Otaybi makes his Nairobi debut at the Circle Art Gallery


Otaybi makes his Nairobi debut at the Circle Art Gallery

Mohamed Adela Otaybi. FILE PHOTO | NMG

Nairobi is blessed with an abundance of brilliant Sudanese artists, most of whom graduated from excellent art colleges and universities in Khartoum. All of them have their own approach to fine art, except that they can invariably be said to have received additional special inspiration from Sudan.

Whether it’s teaching, tradition, weather, or the convergence of the blue and white Nile where they all went to school, they are all striking with their unique approach to their topics. This includes everyone from El Tayeb Dawelbait and Salah El Mur to Abushariaa Ahmed and Rashid Diab to name a few.

Mohamed Adella Otaybi is no exception, except that he arrived in Kenya only recently. He has never found the time to come here before, although he has been featured in previous Circle Art exhibitions as one of the most talented Sudanese artists. He has now come especially to attend the opening of his first solo exhibition in Nairobi at the Circle Art Gallery.

Entitled “The Lost Paradise”, the artist cites the British poet John Milton who wrote Paradise Lost as the inspiration for its title. “It’s a story about the fall of Adam and Eve from heaven to hell,” Otaybi tells the Comics Life minutes before guests and potential customers start pouring in for the opening.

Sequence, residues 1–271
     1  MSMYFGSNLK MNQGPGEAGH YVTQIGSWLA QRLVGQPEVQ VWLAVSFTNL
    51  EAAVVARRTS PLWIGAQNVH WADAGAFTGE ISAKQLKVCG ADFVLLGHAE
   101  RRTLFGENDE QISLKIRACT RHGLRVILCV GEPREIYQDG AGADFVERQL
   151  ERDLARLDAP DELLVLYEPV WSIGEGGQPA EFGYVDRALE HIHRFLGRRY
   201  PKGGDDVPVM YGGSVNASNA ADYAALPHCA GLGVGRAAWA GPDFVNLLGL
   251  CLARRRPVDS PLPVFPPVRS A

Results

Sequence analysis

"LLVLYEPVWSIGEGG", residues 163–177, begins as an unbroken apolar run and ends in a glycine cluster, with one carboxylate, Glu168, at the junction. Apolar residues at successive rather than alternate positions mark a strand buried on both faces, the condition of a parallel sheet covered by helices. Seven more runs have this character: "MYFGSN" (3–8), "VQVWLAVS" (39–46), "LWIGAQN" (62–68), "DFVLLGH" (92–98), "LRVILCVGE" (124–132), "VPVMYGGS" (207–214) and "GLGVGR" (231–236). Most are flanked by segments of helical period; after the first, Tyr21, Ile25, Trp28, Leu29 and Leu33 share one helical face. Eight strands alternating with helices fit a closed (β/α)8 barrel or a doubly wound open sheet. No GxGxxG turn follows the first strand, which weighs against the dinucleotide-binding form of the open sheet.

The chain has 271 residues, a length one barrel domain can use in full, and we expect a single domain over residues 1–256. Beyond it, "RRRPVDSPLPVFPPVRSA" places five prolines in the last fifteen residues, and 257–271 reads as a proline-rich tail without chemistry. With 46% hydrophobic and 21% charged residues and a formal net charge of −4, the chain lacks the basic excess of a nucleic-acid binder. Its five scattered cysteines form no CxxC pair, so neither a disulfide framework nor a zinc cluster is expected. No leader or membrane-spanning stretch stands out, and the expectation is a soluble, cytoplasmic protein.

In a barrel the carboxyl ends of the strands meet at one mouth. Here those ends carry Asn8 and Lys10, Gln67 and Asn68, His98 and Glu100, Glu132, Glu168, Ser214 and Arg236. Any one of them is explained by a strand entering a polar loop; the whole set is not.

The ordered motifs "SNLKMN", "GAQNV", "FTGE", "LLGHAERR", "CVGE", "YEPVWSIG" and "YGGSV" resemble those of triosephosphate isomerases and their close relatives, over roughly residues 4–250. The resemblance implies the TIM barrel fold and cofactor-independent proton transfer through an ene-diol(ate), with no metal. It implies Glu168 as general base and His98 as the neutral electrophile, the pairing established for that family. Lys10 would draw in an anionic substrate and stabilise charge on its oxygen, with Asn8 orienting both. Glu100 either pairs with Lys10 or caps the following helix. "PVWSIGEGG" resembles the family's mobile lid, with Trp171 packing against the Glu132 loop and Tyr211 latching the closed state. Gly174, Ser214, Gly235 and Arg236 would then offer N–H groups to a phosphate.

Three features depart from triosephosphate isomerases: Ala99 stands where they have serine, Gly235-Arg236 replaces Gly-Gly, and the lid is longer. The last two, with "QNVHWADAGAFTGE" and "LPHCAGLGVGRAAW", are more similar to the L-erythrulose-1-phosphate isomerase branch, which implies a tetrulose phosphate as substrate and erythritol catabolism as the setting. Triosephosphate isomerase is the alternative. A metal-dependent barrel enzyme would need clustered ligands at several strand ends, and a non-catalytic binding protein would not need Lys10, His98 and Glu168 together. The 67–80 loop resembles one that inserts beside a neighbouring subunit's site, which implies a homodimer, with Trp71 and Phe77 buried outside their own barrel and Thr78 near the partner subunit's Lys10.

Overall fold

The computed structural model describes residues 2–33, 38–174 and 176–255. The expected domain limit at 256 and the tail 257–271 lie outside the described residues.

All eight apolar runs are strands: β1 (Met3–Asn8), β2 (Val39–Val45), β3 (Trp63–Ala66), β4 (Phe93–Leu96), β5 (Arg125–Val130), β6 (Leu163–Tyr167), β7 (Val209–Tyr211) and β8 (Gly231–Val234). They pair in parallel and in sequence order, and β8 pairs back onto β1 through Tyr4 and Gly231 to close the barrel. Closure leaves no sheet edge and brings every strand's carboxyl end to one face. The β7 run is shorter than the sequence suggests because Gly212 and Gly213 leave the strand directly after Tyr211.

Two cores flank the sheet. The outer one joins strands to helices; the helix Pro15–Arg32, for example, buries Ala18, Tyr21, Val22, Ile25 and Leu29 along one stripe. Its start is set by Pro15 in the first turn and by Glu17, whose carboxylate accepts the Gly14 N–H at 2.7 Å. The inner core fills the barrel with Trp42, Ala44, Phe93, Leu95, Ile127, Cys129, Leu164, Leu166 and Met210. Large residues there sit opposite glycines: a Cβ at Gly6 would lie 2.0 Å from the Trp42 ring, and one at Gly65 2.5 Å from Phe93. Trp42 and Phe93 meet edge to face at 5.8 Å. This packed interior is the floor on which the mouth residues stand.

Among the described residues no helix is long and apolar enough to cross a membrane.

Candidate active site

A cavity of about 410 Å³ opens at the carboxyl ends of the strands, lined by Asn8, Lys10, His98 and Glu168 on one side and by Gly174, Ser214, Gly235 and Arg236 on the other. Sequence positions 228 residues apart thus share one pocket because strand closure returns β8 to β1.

When asked how this story relates to him and his exhibit, he explains how his wife tragically died eight years ago and he went through hell without her. “She continues to be my source of inspiration and this exhibition is dedicated to her,” he says.

This might explain why we can see so many women on this show. Yet he insists that the exhibition is not just about her. However, her largest and most illustrative painting, titled “Paradise Lost”, provides insight into how she fueled her imagination even in her absence.

There is a musician playing a beautiful guitar-like instrument, a long-nosed muse right next to the guitarist and above them is a woman atop a bright yellow wall that could easily represent her woman, or at least her silent presence in his life.

Otaybi describes one of his paintings, titled “Flying Fish” as “surreal” which is a term that could apply to all of his paintings. In this case, the flying fish is balanced on a man’s head, his “Untitled II (Bird Woman)” replacing a bird’s beak with a woman’s head. And in “The Mirror”, he replaced a man’s head with a bird’s beak and head.

Since there appear to be two mirrors in this painting, and not just one, he explains that when we look in a mirror, we often see someone who doesn’t look like who we imagine ourselves to be.

Yet much of Otaybi’s art has an almost childlike sense of whimsy and playfulness. It is seen in works like ‘Playing Cat’, ‘Homeless Cat’ and ‘Aggressive Birds’. Animals often feature in his works, such as in ‘The Horse’, ‘Bull and Dove’, ‘Two Fishes’ and one of my favorite pieces, ‘She and the Sea’ where a woman relaxes on the shore while above her a family of fish are swimming.

The other reason his art has a childlike quality is that his paintings tend to be flat in the sense of lacking a three-dimensional perspective. In ‘Elle et la mer’ for example, the fish are literally above the woman, piled up so to speak. Still, it leaves it up to your imagination to see where they are and even see the skyline in the distance.

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